• Eliminate dumb contacts
  • Create engaging self-service
  • Be proactive
  • Make it easy to contact your company
  • Own the actions across the company
  • Listen and act
  • Deliver great service experiences

Synopsis:

The Best Service Is No Service

Most customer service operations have it wrong. They gauge their effectiveness and productivity based on the number of customer calls or contacts they handle. But do your customers really want a "relationship" with your company's customer service department, or do they simply want to purchase your products or services so they can put them to use?

In this groundbreaking book, Bill Price and David Jaffe offer a new, game-changing approach, showing how managers are taking the wrong path and are using the wrong metrics to measure customer service. Customer service, they assert, is only needed when a company does something wrong—eliminating the need for service is the best way to satisfy customers. To be successful, companies need to treat service as a data point of dysfunction and figure what they need to do to eliminate the demand. The Best Service Is No Service outlines these seven principles to deliver the best service that ultimately leads to "no service":

  • Eliminate dumb contacts

  • Create engaging self-service

  • Be proactive

  • Make it easy to contact your company

  • Own the actions across the company

  • Listen and act

  • Deliver great service experiences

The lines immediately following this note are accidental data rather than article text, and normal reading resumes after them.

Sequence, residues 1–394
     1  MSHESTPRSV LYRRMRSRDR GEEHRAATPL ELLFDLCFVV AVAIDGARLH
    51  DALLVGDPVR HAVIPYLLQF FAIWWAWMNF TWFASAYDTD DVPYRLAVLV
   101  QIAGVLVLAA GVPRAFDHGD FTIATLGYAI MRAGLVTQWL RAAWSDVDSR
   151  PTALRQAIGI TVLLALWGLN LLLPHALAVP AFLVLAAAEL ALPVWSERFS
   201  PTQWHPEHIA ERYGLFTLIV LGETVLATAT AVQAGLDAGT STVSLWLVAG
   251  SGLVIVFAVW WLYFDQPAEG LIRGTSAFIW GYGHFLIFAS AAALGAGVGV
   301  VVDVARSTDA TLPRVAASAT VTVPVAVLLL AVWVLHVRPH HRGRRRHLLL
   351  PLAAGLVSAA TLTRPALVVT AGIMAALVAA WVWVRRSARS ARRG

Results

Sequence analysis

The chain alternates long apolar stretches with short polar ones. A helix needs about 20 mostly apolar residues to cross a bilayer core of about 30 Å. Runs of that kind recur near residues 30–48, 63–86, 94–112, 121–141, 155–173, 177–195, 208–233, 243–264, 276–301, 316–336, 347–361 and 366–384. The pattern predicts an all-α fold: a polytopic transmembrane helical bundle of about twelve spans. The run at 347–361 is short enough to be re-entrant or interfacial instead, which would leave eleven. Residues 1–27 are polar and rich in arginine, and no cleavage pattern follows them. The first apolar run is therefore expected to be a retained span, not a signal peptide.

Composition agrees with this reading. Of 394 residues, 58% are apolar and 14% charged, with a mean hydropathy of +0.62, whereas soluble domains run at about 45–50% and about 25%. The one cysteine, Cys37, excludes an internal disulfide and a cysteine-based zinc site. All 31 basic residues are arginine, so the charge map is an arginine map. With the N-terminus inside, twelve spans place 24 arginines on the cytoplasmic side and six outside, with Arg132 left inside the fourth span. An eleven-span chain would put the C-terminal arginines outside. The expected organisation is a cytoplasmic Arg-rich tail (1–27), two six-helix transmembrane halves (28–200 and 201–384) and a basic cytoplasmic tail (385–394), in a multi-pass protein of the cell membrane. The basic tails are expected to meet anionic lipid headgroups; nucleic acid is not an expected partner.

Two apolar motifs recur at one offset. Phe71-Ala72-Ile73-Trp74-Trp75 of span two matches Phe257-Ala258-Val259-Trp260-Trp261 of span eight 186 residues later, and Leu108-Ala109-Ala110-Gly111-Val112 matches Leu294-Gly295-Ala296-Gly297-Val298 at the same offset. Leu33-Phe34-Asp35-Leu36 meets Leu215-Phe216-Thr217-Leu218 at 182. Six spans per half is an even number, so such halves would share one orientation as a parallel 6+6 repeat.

While self-service and customer relationship management are often tech-heavy and software-driven efforts, Price and Jaffe emphasize that no technology is needed to adopt a "no service" mindset—and any manager who tries to ferret out dysfunctional contacts between customers and companies can create far better, self-correcting systems.

Indispensable to both managers and leaders of organizations, The Best Service Is No Service redefines traditional notions of service and success.

About the Author

Bill Price is president of Driva Solutions, the North American arm of LimeBridge, a customer service consultancy whose clients include Dell, Hyatt, McDonald's, Microsoft, and TiVo. Prior to founding Driva Solutions, Bill was Amazon.com's first vice president of Global Customer Service, a vice president at MCI, and a senior consultant with McKinsey & Company. A frequent keynote speaker, Price has written numerous articles and white papers.

David Jaffe is consulting director of Australia's leading customer experience improvement company and helps major corporations improve the service and sales that they deliver.

Table of Contents

Introduction: Why We Wrote This Book.

1 Challenge Customer Demand for Service: Instead of Coping with Demand.

2 Eliminate Dumb Contacts: Instead of Handling Them Again and Again.

3 Create Engaging Self-Service: Instead of Preventing Contact.

4 Be Proactive: Instead of Waiting to Respond.

5 Make It Really Easy to Contact Your Company: Instead of Dodging the Bullet.

6 Own the Actions Across the Organization: Instead of Blaming Customer Service.

7 Listen and Act: Instead of Letting Customer Insights Slip Away.

8 Deliver Great Service Experiences: How to Delight Customers with Awesome Support When They Need It.

Appendix A: Best Service Survey.

Appendix B: Glossary.

Appendix C: Bibliography.

Notes.

Acknowledgments.

About the Authors.

Index.

Product Details

ISBN:
9780470189085
Author:
Price, Bill
Publisher:
Jossey-Bass
Author:
Jaffe, David
Subject:
Management
Subject:
Service industries
Subject:
Customer Service
Subject:
Customer relations
Subject:
Consumer satisfaction
Subject:
Service industries -- Management.
Subject:
Business-Customer Service